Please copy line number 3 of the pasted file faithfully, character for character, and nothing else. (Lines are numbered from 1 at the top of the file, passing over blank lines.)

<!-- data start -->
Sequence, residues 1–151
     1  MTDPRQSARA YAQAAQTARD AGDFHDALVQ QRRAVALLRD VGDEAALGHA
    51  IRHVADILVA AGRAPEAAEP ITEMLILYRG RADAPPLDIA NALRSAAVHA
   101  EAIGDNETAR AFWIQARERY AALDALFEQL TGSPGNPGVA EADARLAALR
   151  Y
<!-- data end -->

    51  IRHVADILVA AGRAPEAAEP ITEMLILYRG RADAPPLDIA NALRSAAVHA